Obama

Presidential Schmoozing Isn't Just For Republicans

| Mon Dec. 23, 2013 11:53 AM EST

Sen. Joe Manchin lamented on Sunday that President Obama doesn't schmooze enough."It’s just hard to say no to a friend," he told Candy Crowley on CNN's State of the Union. Steve Benen is unimpressed:

Obama has gone further any modern president in bringing members of the opposing party into his cabinet....incorporating ideas from the opposing party’s agenda into his own policy plans....Obama invited several GOP lawmakers to the White House for a private screening with the stars of the movie “Lincoln.”....How many of the invited Republicans accepted the invitation? None....Obama has hosted casual “get-to-know-you” gatherings; he’s taken Republicans out to dinner on his dime; he’s taken House Speaker Boehner out golfing; and he’s held Super Bowl and March Madness parties at the White House for lawmakers.

In general, I'm on Benen's side here. I think he probably overstates just how hard Obama has tried to be sociable, but in the end, I don't think it mattered. It's been a matter of settled public record for a long time that Republicans were dedicated to forming a united front of obstruction from the day Obama took office, and nothing he did was going to change that.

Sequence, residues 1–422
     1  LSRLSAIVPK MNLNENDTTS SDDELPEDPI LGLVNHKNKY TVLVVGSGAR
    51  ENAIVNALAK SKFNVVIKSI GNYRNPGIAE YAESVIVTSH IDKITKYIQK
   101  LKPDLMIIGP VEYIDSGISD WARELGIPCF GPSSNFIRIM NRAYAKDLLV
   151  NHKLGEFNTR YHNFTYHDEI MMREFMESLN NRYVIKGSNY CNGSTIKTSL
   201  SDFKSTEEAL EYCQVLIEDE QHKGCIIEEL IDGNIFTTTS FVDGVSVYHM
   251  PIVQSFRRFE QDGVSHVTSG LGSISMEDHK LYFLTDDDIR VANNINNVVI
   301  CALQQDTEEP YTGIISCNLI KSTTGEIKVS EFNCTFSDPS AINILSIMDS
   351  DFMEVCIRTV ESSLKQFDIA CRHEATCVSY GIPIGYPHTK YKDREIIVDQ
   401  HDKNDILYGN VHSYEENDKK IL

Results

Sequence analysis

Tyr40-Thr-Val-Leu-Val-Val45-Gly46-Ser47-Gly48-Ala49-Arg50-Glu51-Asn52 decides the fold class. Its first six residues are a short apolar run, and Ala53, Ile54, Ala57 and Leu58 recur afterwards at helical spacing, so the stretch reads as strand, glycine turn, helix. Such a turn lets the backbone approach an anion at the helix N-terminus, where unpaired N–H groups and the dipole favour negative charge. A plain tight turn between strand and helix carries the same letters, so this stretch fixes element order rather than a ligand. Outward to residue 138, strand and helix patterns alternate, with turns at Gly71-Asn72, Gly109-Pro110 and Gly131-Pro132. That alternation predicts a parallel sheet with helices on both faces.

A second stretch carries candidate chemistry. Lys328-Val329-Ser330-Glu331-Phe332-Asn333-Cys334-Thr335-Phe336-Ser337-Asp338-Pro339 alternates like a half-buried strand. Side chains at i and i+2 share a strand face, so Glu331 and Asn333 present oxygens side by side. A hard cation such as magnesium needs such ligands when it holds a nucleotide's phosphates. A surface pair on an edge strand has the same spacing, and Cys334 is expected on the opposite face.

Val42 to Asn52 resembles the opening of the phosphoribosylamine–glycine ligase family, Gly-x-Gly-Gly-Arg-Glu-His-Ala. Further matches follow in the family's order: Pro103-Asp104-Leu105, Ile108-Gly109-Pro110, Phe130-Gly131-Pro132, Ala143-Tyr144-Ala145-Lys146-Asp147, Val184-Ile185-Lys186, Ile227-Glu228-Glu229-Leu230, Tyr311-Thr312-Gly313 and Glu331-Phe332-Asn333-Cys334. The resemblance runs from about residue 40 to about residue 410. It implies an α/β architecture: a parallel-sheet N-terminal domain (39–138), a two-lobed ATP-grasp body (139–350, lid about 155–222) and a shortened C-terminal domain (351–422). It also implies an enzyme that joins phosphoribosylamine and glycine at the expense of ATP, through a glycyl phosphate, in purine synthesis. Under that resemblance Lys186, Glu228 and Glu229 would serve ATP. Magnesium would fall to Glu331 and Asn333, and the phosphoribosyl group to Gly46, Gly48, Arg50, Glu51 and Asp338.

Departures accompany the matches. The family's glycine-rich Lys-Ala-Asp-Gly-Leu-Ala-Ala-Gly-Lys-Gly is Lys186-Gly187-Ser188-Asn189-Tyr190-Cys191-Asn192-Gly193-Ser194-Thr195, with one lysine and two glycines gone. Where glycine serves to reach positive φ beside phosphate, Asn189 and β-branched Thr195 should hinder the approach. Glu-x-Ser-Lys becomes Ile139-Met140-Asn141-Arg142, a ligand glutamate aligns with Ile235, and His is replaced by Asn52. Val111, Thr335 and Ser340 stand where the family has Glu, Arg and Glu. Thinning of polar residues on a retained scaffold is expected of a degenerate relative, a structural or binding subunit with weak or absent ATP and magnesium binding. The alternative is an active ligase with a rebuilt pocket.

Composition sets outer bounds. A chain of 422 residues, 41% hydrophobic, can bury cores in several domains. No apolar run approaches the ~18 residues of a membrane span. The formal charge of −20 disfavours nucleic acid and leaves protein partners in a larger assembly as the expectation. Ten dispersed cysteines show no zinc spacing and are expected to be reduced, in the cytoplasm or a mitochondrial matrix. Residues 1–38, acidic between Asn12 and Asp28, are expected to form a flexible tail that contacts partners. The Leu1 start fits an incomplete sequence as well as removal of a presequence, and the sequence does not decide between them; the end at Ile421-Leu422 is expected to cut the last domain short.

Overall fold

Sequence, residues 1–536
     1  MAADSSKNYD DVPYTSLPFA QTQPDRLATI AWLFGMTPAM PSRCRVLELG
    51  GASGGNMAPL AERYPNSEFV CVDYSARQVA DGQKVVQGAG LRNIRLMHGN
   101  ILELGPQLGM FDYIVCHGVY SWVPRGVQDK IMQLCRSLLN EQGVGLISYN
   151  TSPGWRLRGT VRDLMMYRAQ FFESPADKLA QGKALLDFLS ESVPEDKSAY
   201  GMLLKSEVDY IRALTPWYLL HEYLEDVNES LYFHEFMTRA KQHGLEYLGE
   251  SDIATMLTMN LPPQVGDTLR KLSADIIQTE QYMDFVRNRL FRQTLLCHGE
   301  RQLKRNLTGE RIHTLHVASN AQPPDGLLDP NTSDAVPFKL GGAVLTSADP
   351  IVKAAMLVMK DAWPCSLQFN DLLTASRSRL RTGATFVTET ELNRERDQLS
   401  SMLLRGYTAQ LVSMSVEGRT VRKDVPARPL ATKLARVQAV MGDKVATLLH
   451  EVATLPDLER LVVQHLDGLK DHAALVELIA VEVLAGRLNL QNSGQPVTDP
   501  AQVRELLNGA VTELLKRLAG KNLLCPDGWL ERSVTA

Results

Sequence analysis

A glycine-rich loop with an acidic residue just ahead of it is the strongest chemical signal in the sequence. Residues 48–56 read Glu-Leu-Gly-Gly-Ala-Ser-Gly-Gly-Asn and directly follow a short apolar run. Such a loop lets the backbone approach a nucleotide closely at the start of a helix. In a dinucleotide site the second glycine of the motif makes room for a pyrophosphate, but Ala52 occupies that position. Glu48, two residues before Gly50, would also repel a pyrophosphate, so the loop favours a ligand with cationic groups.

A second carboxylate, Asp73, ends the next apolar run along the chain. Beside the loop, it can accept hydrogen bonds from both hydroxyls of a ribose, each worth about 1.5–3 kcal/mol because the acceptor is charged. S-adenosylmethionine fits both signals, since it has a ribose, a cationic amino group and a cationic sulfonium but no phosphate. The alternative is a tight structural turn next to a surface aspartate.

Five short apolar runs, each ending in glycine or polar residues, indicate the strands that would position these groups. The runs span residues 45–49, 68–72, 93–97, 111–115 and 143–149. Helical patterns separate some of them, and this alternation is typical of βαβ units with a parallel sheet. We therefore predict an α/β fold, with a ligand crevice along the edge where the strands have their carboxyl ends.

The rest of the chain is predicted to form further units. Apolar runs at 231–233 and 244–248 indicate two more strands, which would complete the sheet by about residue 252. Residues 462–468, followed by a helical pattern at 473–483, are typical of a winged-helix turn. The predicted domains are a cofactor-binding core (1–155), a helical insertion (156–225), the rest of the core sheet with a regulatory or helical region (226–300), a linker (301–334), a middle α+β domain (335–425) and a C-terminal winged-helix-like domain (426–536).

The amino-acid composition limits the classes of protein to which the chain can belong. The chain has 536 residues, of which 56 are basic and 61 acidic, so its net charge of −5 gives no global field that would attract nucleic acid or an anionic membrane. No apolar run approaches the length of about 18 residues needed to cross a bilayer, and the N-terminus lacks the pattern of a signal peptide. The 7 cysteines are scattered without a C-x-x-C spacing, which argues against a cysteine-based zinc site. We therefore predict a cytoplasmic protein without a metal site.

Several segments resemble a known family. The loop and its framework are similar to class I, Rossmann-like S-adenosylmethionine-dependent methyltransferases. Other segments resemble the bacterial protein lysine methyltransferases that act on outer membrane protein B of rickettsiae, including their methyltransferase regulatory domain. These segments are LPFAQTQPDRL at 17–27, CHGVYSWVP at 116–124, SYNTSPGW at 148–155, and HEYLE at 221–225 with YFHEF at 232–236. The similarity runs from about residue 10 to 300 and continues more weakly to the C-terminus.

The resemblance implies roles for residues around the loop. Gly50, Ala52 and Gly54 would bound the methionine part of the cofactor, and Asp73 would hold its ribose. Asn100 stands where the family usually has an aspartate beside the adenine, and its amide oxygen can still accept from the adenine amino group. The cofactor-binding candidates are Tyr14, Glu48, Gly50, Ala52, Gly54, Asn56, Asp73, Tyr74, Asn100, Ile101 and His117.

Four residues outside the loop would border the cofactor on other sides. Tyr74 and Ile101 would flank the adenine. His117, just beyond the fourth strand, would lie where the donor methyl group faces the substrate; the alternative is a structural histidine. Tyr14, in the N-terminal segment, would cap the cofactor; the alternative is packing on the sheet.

But in fairness, Manchin says in this interview that he's talking mostly about his fellow Democrats here. And this is an area where Obama's style probably has hurt him a bit. It hasn't hurt him a lot—ideology, self-interest, and political survival will always count for a lot more—but I imagine that Democrats in Congress would be willing to back Obama more strongly if they felt a personal connection with him. Most of them don't, and this has produced a more fractured party with less enthusiasm for backing difficult policies. Obamacare is probably a good example. Right now, when it's having so many birthing pains, is precisely when you want Democrats coming to its defense most passionately. That's a tough sell for obvious reasons, but I imagine that more of them would be stepping up if they felt that they owed it to their party leader. Ditto for other difficult policies, like the U-turn on Syria, the negotiations with Iran, and some of the pseudo-scandals of the past year. Strong relationships wouldn't have turned night into day on these issues, but I'll bet it would have helped.